Posted by: Sean | September 6, 2008

Disability in World of Warcraft and what it means to role-play.

The benefit, I suppose, of working two hours away from where you live is a really nice long time that can be set aside every week-day for blogging. It becomes something of a mind-place, too, a rhythm that gets you thinking about issues. (This is why frequently in the afternoon you’ll get more scattershot posts from me. The upshot for weekends should be, however, that I can do more researched posts instead, since I’m not working offline.

But that’s not what’s going to happen tonight. See, I’m inspired by an observation from WOW Insider: There are probably some 525,000 disabled gamers playing World of Warcraft. These disabilities can range from the minor to the considerable and are often in areas you may not expect –I would never have believed that blind gamers were playing Warcraft, but Jess has personally played with one. At lower levels, you could have deaf players, one-armed players, players with damage or malformation to the hands, and more.

What I want to point out is that this impacts role-players too. As some examples:

  • Blind players use screen readers to catch text and read it back to them. Even vision-impaired (rather than blind) gamers are likely to be OK with seeing the large monsters; but not the smaller text. Screen readers are getting better all the time, but it’s never going to be as fast as reading. As a result, it means blind players are going to take longer to respond to any dialogue. In addition, it means that anything physical you do that doesn’t create a text or audio emote will not be noted. Pacing about, sulking in the corner, and /sit will be missed by any blind players.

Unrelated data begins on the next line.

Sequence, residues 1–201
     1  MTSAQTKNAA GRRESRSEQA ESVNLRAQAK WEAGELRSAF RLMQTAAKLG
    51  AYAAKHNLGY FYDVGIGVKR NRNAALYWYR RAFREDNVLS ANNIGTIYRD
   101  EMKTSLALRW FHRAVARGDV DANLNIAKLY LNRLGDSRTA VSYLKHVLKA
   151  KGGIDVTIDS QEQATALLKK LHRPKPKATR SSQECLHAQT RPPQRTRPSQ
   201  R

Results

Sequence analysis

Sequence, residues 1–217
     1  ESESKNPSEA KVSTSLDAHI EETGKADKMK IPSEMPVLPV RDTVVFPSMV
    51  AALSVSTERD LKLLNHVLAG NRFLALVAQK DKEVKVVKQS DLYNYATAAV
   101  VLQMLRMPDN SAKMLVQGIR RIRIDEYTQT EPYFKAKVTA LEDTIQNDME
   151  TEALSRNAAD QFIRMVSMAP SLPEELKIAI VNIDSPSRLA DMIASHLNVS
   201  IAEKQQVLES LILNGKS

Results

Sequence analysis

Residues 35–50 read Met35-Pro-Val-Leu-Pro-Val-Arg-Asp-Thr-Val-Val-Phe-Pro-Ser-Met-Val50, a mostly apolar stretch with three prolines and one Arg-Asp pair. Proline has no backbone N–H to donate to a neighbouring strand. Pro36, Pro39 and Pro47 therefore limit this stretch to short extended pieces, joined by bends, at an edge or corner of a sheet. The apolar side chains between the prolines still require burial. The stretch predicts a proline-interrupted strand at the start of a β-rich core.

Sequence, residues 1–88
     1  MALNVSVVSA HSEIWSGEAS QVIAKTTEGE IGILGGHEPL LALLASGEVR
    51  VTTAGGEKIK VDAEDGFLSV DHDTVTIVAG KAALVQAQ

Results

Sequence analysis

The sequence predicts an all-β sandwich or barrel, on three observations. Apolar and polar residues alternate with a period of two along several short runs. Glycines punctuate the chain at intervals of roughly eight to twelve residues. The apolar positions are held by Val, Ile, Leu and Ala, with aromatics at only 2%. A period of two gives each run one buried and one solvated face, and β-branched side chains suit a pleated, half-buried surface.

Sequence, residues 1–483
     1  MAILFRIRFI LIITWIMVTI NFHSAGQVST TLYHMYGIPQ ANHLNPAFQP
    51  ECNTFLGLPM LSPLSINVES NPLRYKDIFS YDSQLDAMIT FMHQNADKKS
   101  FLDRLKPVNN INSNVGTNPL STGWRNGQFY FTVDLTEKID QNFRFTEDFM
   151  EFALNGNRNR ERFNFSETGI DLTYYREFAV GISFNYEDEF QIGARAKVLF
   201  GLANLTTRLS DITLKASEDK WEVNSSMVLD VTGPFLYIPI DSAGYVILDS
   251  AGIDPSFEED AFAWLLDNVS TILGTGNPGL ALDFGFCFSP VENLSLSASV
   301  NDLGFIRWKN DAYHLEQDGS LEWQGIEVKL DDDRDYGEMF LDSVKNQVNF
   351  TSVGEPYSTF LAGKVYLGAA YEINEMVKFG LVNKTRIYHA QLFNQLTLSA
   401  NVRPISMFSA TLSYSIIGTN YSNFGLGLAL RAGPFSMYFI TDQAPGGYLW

• By contrast, players with physical disabilities will have few problems reading text swiftly, but may very well take longer to type back a response. (A close friend of mine was once very unfortunately hit by a semi-trailer, and suffered major nerve damage as a result. Even years later, he still feels he’s lost about 10 words per minute in his typing speed.) In addition, typos and other errors are likely to be increased.
  • In addition, players with other disabilities may need to take sudden and unannounced departures from the keyboard due to any number of reasons.

None of these rule out role-playing, and really the only one of my above examples that actually requires a shift in role-playing style is if you’re dealing with a blind player. But, well, role-players have an occasionally well earned reputation for snobbery and elitism. I know that I’m a prime example of it; seeing misspellings, typos, and other poor typing is enough to make me immediately dismiss someone. What I think this fact shows is that this kind of attitude is always a poor idea; one never knows who the person behind the keyboard is.

What, in fact, this story shows is the need for good old-fashioned tolerance. Play nice.

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